Jazzy’s house was still all huge and blocky and Victorian. That was odd.
Usually, she changed it every week. Sometimes more. He’d been expecting a space headquarters, or a Dracula castle or something.
Lyan ran up to the door and pounded the ring on the bull-headed knocker. He waited, shifting back and forth on his feet, rehearsing what he’d say when she came to the door.
This time, they were going to talk and he was going to get some answers. About her, about this whole place, about all the weird crap she didn’t want to talk to him about.
Man, he missed her. He hadn’t realized how much.
He pounded the knocker again. Why wasn’t she coming to the door? Maybe she sensed that he was coming for more than just their normal hanging-out. He was knocking a little louder than he normally did.
Lyan waited a few more seconds, and a scowl tightened on his mouth. He reached out and jiggled the door handle. Locked. He started to step back, discouraged, but then a thought struck him.
Closing his eyes, he nudged out with his cerebrals, feeling around the door handle, the lock, flossing it down to its base code. The lock was pretty heavily encrypted. He could just shred the code into virtual dust, destroy it entirely, but Jazzy probably wouldn’t appreciate that.
Would she appreciate him breaking into her house in the first place? He shoved the question aside–cross that bridge when he came to it.
Lyan tugged on the encrypted code with his cerebrals. His temples glowed warm with the effort. Slowly, he pushed through it, unscrambling the fragmented data.
The lock snapped back.
He depressed the thumb latch and pulled the door open. A tiny pang of guilt made him hesitate. Jazzy had never locked her door before–wasn’t that a pretty good indication that she didn’t want visitors right now?
Too late now, though. And it was either continue on and explain things to Jazzy, or go back to his cell.
The foyer was murky and unlit. Lyan took a step onto the black-and-white tile floor. “Hey, Jazzy?”
Nothing. A dragon-headed walking cane studied him disapprovingly from the umbrella rack. He walked past it, looking up at the white staircase that stretched up to the second-story balcony. All the doors shut, no lights turned on. A shiver tickled his shoulders.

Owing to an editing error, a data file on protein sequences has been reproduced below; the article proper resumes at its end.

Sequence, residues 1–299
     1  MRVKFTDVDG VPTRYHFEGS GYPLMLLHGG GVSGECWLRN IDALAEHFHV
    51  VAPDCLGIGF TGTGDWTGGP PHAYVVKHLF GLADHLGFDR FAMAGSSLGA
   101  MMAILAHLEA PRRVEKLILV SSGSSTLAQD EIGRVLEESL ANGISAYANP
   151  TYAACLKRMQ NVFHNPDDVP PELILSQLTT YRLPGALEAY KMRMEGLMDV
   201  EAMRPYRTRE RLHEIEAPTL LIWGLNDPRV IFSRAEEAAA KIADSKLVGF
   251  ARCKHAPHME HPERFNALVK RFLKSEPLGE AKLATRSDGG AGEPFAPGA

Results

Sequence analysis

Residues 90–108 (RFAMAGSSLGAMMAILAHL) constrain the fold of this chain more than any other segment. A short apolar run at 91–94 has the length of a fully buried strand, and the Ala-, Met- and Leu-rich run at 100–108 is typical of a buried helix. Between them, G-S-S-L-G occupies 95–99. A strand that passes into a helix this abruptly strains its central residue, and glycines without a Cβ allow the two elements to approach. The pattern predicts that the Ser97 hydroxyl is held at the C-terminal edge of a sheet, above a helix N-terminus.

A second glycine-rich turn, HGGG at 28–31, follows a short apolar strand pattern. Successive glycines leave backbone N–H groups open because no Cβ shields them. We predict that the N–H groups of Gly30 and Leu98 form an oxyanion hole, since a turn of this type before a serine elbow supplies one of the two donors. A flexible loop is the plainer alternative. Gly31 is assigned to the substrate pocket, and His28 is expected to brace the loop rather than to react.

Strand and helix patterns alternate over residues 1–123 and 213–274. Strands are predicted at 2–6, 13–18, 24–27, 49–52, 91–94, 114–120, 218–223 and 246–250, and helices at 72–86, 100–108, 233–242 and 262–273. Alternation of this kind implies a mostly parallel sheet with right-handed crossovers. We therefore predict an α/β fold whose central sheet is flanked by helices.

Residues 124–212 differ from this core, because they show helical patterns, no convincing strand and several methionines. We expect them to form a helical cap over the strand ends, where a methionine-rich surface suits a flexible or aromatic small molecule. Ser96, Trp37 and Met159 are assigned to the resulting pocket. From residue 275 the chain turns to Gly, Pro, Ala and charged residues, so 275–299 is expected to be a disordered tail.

He put one foot on the bottom step and swallowed. “Hey Jazzy. You up there?”
So weird. She was always right there to let him in.
Lyan hesitated. For some reason his thoughts went back to that one time in the garden, when the tomatoes had started glitching, and there was that knock that came from nowhere.
He shook it off, frowning, and started up the stairs.
It was even darker up on the balcony. The white doors with silver knobs almost glowed in the dimness. He went to the third door, the door to the garden room, and tried the handle.
Locked. He growled under his breath and prepared to decrypt again.
“Hey,” Jazzy said behind him.
Lyan turned. Jazzy stood at the top of the stairs, one hand on the balcony railing.
Heat filled Lyan’s face. “Wasn’t sure if you were home.”
“And I wasn’t sure if you were coming back or not.” She laughed a little huskily. “I thought maybe I’d scared you off, with what happened last time.”
“You thought that was scary?” He tried to sound light and offhand. “I fight monsters with a machete, every week. And some of them make gargly noises and slobber and stuff.”
The corner of her mouth tugged upward. “Boy, that is scary.”
“I know. So if you’re trying to scare me, you’re going to have to try a little harder than taking me into the freaky abyss of despair and lost wandering souls, is all I’m saying.”
She looked down. “I’m glad you came back.”
Lyan tried to remember the things he’d been going to say—well I’m not going to come back if you don’t tell me what’s going on around here. Now, looking at Jazzy, it all just stuck in his throat.
She looked tired. Dark circles under her eyes stood out even in the dimness. Or was that just his imagination? You didn’t actually get tired in a simulated world, in a simulated body, did you?
“Are you safe here?” The question blurted out without much thought.
Jazzy looked up, blinking.
“I don’t mean wherever you are in real life, it’s a given that reality is dangerous and we could probably die there any minute.” Lyan stopped and took a breath. “I mean, are you safe here, in this house.”
Jazzy bit her lip and stared past him for a few seconds. Then she swallowed and looked at him. “I’m safe here, Lyan. I’m fine. But you’re not.”
Silence spread between them. Lyan thought of the flickering tomato plants, and another shiver crept up his back. “What’s that supposed to mean?”
“I’m glad you came back, but I shouldn’t be.” She rubbed her hand on the railing. “You shouldn’t ever come back here again.”
Lyan nodded slowly. “Okay. Why?”
“I can’t…” She looked away. “Gosh, Lyan, how hard are you going to make this?”
Lyan’s throat tightened. He tried to swallow it away. “I’m going to make it hard, Jazzy, because this whole thing is really starting to tick me off.”